My son the sports star
Since taking up wheelchair tennis just four years ago, Adam Field has become one of Britain's brightest young prospects.
Adam's father, Conrad, explains how sport has changed his son's life.
What was life like for Adam before he took up wheelchair tennis?
Back then, we almost accepted that sport was something Adam would watch others do, not something we'd go and watch him do.
Can you tell us more about Adam's disability?
Playing tennis helps Adam's condition enormously - it keeps him keep fit and improves his strength and mobility.
How did Adam get involved in the sport?
We saw a magazine advert about wheelchair tennis and got in touch with the British Tennis Foundation.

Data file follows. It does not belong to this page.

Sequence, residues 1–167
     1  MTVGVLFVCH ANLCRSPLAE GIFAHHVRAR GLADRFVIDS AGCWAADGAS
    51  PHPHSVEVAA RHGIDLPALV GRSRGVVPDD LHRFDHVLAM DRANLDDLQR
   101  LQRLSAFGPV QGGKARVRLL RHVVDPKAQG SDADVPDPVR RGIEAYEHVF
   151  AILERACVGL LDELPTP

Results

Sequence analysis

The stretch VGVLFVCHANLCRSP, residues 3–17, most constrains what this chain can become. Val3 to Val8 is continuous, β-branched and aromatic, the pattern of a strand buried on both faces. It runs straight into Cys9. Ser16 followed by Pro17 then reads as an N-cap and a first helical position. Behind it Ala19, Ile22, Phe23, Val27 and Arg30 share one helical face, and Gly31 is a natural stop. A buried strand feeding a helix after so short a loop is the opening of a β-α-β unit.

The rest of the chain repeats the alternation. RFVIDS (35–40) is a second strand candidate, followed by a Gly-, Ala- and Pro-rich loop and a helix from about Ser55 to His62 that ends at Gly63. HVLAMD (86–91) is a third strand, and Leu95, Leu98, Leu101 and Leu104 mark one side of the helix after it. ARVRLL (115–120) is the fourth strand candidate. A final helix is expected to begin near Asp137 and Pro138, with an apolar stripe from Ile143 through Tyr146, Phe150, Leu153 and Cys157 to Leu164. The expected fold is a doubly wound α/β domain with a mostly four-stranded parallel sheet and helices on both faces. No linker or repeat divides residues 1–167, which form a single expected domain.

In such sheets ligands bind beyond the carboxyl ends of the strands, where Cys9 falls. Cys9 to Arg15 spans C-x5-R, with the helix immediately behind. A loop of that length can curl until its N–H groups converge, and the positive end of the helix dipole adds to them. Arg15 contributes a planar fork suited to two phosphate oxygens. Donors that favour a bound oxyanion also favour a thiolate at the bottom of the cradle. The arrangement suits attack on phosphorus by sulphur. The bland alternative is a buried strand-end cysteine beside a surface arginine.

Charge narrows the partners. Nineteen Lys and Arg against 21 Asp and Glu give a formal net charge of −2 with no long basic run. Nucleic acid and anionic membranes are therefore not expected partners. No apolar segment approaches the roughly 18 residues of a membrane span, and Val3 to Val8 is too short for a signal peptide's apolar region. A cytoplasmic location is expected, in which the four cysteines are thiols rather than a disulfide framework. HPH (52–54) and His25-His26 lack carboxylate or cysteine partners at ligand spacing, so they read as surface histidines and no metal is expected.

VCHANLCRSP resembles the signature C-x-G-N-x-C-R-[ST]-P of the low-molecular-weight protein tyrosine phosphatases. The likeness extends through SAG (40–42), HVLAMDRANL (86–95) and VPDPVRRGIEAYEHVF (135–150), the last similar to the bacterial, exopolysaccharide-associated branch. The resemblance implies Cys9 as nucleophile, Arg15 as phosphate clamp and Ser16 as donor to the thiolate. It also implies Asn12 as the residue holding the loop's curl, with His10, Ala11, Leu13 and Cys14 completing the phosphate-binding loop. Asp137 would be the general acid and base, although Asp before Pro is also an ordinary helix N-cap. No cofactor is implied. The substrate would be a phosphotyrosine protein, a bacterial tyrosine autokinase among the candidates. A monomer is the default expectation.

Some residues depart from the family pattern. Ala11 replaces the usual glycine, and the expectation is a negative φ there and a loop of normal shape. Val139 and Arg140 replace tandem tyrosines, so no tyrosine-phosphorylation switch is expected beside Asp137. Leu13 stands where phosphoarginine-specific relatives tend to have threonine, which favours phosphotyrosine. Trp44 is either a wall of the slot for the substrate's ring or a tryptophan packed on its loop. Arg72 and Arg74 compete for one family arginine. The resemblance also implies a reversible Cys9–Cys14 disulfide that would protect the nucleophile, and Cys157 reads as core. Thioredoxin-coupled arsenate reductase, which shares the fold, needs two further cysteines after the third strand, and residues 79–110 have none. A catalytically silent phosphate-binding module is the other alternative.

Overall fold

Our initial aim was give Adam a hobby he could do every now and then, but he became so dedicated that we were out playing almost every night.
How easy was it for him to get started?
If you're an able-bodied child at school you're made to do sport, but if you're in a wheelchair and you say you can't do it, it's just accepted.
There's so much more they can do, and Adam is a perfect example.
How has wheelchair tennis changed Adam?
There's a great social side to it as well. He regularly meets up with friends in the evening at tennis events, which he wouldn't really do at home.
What would your advice be to the parents of a disabled child?
You've got to go out and find the opportunities. Once you start looking it tends to snowball.
It may be that the first sport they try isn't for them, but it starts the ball rolling. The main thing is to get as much information as possible.
I only wish we'd found tennis sooner. My biggest regret is that Adam didn't get involved until 1999 and not five or six years earlier.
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